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Barriers impeding care for people living with HIV: early findings from Community-Led Monitoring in Haiti

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BACKGROUND: Community-led monitoring (CLM) is an emerging and powerful approach to improving the quality of health care for people with HIV (PWH), and members of key populations (KP) and other affected groups. CLM consists of a routine cycle of civil society-led monitoring and advocacy with the aim of improving services for PWH and promoting accountability for the communities receiving care. In 2020, the Community Observatory for HIV Services (OCSEVIH) launched a CLM project in Haiti to identify barriers to HIV care and to advocate for better health services.
DESCRIPTION: Surveys were conducted in 41 healthcare facilities in the Nord, Artibonite, and Ouest departments from April to June 2021, including 41 observation-based surveys of facilities, 41 facility manager interviews, and 980 patient surveys (including 689 PWH). Data were collected by a team of PWH and KP community monitors. Separately, 6 focus groups and 45 semi-structured individual interviews were conducted in the broader community. Qualitative data were analyzed using a thematic codebook developed by the monitors and other CLM team members.
LESSONS LEARNED: 60% of patients surveyed reported traveling long distances to clinics, despite 59% having facilities closer to home. Wanting to avoid being seen was cited by 44% of these respondents as the primary reason for traveling to remote facilities. Monitors observed at least one privacy concern in 22% of clinics, such as consulting multiple patients in one room. Other concerns included buildings in bad condition (29% of clinics), feeling unsafe (24% of patients surveyed), and staff reprimanding patients for missed visits (11%). Qualitative data reveal violations of privacy (described in 31 out of 45 interviews) and disclosure of HIV status (21 out of 45) in clinics, mainly via separation of PWH from other patients in waiting rooms, counseling and discussions of health information in public spaces, and disclosure of HIV status by health personnel to community members. These findings are being used in advocacy with duty bearers to address these barriers.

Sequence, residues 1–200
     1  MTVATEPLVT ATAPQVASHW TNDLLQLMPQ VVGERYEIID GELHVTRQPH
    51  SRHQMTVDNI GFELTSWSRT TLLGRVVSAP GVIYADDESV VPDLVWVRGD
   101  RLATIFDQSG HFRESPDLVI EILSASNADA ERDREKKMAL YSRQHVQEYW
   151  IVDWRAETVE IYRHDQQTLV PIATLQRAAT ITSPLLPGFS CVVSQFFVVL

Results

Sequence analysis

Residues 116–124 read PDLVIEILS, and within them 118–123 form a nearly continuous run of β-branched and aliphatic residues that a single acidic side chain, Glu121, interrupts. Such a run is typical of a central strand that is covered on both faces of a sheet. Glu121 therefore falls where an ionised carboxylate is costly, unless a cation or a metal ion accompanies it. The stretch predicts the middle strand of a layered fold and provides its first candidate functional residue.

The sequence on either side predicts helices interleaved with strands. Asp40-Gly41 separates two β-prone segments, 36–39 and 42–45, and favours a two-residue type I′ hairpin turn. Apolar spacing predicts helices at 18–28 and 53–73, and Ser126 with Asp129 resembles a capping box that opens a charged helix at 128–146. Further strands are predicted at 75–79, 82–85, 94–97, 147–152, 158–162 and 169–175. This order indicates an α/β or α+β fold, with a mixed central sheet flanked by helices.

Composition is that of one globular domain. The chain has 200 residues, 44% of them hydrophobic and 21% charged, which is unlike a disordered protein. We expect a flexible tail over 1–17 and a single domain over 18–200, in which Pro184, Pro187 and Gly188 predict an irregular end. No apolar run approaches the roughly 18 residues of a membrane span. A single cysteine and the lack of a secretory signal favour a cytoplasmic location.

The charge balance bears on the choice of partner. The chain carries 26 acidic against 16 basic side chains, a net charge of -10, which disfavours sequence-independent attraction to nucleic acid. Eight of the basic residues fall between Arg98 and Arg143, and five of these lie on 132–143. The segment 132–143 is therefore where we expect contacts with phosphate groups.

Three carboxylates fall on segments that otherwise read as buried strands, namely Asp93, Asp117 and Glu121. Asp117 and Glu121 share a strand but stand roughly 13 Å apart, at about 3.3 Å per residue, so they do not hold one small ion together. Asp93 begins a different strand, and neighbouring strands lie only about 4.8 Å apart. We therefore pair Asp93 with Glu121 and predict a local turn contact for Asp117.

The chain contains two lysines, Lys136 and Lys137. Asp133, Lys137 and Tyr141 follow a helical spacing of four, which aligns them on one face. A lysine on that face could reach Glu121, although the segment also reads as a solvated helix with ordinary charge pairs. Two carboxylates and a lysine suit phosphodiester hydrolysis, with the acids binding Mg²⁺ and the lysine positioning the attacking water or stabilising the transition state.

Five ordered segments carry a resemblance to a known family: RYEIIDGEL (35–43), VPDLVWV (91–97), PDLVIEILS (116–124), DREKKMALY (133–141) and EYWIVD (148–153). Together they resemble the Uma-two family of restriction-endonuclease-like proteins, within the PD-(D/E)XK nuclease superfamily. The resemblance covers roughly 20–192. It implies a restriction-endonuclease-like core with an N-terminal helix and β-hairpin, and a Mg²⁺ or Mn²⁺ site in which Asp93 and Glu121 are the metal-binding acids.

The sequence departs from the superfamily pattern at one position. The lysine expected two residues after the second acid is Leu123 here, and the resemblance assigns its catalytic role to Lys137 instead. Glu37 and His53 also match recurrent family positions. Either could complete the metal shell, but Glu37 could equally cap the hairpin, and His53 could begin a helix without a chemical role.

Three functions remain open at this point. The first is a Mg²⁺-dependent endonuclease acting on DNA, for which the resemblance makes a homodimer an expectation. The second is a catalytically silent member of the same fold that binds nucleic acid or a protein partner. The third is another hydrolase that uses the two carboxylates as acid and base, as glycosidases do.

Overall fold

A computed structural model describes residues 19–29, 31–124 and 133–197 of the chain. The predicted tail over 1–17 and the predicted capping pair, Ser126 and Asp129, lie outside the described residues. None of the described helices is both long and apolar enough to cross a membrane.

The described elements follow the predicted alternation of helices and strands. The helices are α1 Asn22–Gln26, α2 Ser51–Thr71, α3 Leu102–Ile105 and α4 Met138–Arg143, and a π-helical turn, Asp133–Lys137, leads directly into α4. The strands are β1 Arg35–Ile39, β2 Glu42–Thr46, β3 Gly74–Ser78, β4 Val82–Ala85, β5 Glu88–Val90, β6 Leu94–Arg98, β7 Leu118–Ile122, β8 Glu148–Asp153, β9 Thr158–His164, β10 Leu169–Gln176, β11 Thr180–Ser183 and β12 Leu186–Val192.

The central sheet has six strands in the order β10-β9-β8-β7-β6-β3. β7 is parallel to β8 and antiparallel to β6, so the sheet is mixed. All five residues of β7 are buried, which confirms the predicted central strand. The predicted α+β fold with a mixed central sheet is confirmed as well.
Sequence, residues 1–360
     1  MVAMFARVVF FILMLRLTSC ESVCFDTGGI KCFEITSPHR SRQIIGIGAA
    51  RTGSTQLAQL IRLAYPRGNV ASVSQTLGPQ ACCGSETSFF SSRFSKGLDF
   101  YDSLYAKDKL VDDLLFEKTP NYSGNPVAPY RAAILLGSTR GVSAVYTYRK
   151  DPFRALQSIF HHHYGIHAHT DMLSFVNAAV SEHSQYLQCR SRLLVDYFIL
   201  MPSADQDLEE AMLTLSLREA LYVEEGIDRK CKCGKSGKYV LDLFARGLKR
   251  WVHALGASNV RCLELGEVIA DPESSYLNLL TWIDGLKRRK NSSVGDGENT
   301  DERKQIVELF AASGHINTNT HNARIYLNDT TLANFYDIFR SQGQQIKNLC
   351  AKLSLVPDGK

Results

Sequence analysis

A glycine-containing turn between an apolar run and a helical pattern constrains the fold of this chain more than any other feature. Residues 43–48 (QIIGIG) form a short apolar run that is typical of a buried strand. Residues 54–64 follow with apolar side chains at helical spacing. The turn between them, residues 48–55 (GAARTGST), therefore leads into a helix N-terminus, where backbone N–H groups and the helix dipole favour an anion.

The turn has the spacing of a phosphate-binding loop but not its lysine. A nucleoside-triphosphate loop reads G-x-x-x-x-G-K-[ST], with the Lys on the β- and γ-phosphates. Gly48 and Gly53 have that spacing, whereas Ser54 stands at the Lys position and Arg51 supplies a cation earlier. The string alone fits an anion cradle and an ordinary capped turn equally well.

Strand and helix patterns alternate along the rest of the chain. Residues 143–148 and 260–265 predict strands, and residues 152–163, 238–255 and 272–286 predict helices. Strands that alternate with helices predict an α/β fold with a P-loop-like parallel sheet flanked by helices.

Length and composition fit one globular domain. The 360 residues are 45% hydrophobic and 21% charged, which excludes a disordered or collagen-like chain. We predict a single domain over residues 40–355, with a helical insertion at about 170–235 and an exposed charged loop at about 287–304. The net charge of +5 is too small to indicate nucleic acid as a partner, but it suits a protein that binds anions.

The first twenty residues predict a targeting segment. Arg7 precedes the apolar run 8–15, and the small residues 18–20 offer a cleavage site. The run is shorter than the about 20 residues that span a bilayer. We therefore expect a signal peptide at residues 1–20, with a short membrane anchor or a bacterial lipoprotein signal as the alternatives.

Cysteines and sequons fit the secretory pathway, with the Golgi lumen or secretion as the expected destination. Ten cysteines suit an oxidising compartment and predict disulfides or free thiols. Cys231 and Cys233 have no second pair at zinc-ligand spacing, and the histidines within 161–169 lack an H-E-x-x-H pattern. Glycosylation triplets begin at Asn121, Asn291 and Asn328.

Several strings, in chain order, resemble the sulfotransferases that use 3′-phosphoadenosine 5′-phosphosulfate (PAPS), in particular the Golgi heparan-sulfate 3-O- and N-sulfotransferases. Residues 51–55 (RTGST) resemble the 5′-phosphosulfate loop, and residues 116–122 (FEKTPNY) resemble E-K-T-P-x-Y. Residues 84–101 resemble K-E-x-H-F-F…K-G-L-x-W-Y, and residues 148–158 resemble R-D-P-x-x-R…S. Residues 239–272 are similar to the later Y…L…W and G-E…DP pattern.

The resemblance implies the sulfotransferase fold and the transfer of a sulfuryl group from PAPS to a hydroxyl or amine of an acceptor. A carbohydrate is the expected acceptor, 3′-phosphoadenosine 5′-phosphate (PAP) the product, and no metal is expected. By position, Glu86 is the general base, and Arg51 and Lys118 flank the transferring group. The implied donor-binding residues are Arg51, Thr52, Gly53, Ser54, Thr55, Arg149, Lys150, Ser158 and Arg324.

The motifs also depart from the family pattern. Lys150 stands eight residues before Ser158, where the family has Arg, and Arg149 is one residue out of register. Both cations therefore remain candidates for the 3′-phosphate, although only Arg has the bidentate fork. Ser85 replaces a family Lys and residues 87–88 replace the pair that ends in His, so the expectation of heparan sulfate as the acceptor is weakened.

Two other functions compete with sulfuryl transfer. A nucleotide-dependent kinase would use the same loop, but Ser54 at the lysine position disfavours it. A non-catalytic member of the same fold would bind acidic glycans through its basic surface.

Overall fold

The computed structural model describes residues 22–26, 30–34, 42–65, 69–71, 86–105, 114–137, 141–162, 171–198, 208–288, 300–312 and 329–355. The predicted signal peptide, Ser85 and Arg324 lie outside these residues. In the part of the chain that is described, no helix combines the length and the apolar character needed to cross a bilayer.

CONCLUSIONS: Ensuring confidentiality and privacy is critical, particularly in settings where HIV-related stigma is high. Improving treatment initiation and retention for PWH is critically dependent on improving patient confidentiality and acceptability of healthcare services.